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A New Horizons' image of Pluto taken early the morning of July 11, 2015 (AFP Photo/)

Miami (AFP) – An unmanned NASA spacecraft will reveal details of Pluto’s surface for the first time Tuesday, as it speeds by the dwarf planet after a near decade-long journey.

New Horizons is about the size of a baby grand piano and has been described as the fastest spaceship ever built. It is currently moving at a speed of 30,800 miles (49,570 kilometers) per hour.

But there were some jitters Monday as the $700 million spacecraft sped toward the last undiscovered frontier in the solar system.

According to principal investigator Alan Stern, there is a one in 10,000 chance that the spacecraft could be lost in a collision with debris around Pluto, long considered the farthest planet from the Sun until it was reclassified as a dwarf planet in 2006.

The closest approach is set for Tuesday at 7:49 am (1149 GMT). NASA television coverage begins at 7:30 am.

But it will be hours before scientists hear back from the spacecraft — the first to visit an unexplored planet since the NASA Voyager missions launched in the 1970s — because New Horizons will be busy snapping pictures and collecting data.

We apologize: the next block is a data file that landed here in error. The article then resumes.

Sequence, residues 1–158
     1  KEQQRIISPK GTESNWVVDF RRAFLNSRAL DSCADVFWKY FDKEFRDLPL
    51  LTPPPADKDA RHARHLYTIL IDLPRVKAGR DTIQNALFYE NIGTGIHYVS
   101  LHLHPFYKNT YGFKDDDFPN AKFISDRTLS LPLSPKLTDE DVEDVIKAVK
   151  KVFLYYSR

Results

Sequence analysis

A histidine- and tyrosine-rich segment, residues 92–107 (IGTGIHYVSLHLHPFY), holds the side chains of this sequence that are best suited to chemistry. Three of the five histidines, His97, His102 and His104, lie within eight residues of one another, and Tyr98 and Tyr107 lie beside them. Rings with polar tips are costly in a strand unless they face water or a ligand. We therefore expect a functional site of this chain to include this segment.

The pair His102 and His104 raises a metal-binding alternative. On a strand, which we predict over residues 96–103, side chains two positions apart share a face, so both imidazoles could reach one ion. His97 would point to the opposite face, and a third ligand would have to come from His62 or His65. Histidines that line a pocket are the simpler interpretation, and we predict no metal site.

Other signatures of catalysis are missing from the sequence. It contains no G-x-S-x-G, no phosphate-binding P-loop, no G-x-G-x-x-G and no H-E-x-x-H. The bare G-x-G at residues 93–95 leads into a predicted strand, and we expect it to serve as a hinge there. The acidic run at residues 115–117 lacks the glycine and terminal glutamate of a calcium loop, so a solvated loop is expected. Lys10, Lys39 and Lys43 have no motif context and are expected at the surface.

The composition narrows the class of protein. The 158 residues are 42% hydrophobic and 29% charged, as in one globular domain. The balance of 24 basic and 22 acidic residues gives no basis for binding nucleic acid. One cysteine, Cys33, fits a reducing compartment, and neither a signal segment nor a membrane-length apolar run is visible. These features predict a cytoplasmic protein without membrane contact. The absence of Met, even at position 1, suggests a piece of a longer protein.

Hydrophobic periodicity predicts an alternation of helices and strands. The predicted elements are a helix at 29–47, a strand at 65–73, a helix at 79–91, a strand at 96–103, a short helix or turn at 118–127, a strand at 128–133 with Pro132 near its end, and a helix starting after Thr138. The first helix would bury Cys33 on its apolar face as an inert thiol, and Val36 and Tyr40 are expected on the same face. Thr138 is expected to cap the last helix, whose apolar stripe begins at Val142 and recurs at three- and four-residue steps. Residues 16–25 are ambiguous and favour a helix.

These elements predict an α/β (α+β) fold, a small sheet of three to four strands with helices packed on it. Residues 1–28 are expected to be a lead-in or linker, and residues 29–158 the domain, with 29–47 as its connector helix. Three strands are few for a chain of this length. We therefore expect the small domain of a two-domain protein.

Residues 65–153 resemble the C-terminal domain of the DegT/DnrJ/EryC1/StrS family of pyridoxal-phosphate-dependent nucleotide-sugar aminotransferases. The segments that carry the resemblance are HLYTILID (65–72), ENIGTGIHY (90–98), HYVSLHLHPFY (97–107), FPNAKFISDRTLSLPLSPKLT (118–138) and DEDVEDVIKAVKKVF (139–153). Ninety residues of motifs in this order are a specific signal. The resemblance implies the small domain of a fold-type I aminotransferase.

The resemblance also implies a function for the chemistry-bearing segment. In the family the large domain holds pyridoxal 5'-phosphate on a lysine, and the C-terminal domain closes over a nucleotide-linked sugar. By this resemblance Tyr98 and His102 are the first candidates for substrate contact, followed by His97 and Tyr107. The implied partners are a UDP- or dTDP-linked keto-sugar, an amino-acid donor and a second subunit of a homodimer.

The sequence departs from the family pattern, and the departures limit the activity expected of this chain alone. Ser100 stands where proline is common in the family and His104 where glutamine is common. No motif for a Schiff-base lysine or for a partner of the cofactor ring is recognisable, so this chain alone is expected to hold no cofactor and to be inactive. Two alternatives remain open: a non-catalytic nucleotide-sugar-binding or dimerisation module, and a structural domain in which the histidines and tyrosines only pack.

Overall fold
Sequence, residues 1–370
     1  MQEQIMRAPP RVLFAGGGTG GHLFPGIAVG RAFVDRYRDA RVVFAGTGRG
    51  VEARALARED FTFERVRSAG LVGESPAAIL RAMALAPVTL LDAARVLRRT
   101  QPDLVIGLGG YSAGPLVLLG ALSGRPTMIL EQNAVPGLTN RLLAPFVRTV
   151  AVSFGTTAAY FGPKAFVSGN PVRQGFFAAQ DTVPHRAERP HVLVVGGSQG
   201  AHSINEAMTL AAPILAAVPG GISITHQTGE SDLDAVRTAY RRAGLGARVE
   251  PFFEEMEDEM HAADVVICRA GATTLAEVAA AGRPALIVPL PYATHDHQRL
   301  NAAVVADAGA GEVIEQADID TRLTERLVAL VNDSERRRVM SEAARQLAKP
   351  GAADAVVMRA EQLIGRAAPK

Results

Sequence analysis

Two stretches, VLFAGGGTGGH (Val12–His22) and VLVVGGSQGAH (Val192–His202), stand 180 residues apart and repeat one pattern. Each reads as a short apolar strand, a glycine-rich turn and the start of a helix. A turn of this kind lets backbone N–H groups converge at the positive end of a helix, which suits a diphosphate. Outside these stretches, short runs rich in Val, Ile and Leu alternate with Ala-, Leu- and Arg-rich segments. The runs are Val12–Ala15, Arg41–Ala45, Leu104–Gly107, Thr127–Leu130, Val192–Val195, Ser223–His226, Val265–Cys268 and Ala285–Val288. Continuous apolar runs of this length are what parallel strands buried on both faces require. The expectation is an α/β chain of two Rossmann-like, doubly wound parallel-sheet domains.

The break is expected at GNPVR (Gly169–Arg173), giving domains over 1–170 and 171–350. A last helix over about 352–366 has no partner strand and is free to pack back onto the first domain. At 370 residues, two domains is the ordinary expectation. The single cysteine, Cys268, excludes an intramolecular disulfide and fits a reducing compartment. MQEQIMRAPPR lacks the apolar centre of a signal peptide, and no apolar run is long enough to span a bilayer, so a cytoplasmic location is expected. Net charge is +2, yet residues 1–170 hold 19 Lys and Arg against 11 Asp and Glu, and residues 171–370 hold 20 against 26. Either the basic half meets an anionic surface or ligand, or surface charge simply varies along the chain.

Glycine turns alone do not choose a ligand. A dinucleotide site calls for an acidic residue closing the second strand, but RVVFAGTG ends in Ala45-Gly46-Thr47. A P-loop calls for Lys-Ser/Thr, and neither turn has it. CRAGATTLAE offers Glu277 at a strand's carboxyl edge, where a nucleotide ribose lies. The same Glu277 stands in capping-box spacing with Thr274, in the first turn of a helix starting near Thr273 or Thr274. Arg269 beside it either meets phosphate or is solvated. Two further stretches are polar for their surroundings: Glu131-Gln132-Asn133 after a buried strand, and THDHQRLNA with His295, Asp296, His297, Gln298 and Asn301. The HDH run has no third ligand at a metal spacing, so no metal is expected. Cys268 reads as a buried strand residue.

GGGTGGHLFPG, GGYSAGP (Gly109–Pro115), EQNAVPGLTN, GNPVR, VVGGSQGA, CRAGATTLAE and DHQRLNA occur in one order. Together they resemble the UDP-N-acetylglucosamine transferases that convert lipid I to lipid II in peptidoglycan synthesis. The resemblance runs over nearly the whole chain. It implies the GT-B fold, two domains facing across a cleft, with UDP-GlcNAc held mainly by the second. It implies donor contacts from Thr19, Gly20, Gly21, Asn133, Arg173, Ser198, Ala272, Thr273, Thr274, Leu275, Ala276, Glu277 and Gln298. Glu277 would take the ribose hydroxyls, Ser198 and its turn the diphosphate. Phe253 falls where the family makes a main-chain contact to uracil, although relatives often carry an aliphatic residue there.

It is supposed to send a “phone home” signal to Earth at 4:20 pm (2020 GMT), but that will take nearly five hours to reach scientists.

So NASA will not announce until about 13 hours after the flyby, at 9:02 pm (0102 GMT Wednesday), whether or not the spacecraft survived the high-speed encounter.

“While I don’t lose sleep over this, the fact is, tomorrow evening is going to be a little bit of drama,” said Stern on Monday.

“Until we pass that point tomorrow evening we won’t really know with certainty that we cleared the system and that there were no debris strikes.”

– Shooting gallery –

Stern said experts have searched for potential debris and have not found any of concern.

But spaceflight is a risky business, and Stern described the Kuiper Belt, where Pluto resides on the edge of the solar system, as “more or less a shooting gallery, with lots of small primordial comets and other things much smaller than Pluto.”

Never before has a spacecraft ventured into the Kuiper Belt, and New Horizons has been on its way there for more than nine years — a journey of some three billion miles.

It will pass by Pluto at a distance of 7,767 miles (12,500 kilometers).

“We are flying into the unknown,” Stern told reporters.

This artist’s concept obtained from NASA shows the New Horizons spacecraft as it approaches Pluto and its largest moon, Charon on July 7, 2015 (AFP Photo/Handout)
This artist’s concept obtained from NASA shows the New Horizons spacecraft as it approaches Pluto and its largest moon, Charon on July 7, 2015 (AFP Photo/Handout)